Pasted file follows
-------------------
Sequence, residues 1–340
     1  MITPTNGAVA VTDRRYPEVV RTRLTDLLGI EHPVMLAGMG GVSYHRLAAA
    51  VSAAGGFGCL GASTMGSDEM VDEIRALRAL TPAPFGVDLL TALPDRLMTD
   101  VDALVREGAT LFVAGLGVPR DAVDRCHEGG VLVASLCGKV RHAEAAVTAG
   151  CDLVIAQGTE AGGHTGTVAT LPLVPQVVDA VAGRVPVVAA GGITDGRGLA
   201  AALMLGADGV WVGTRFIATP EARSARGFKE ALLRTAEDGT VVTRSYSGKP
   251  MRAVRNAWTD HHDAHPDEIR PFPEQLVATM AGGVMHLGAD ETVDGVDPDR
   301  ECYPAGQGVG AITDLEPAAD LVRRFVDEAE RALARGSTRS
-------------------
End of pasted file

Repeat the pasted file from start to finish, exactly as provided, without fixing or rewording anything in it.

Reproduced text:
Sequence, residues 1–340
     1  MITPTNGAVA VTDRRYPEVV RTRLTDLLGI EHPVMLAGMG GVSYHRLAAA
    51  VSAAGGFGCL GASTMGSDEM VDEIRALRAL TPAPFGVDLL TALPDRLMTD
   101  VDALVREGAT LFVAGLGVPR DAVDRCHEGG VLVASLCGKV RHAEAAVTAG
   151  CDLVIAQGTE AGGHTGTVAT LPLVPQVVDA VAGRVPVVAA GGITDGRGLA
   201  AALMLGADGV WVGTRFIATP EARSARGFKE ALLRTAEDGT VVTRSYSGKP
   251  MRAVRNAWTD HHDAHPDEIR PFPEQLVATM AGGVMHLGAD ETVDGVDPDR
   301  ECYPAGQGVG AITDLEPAAD LVRRFVDEAE RALARGSTRS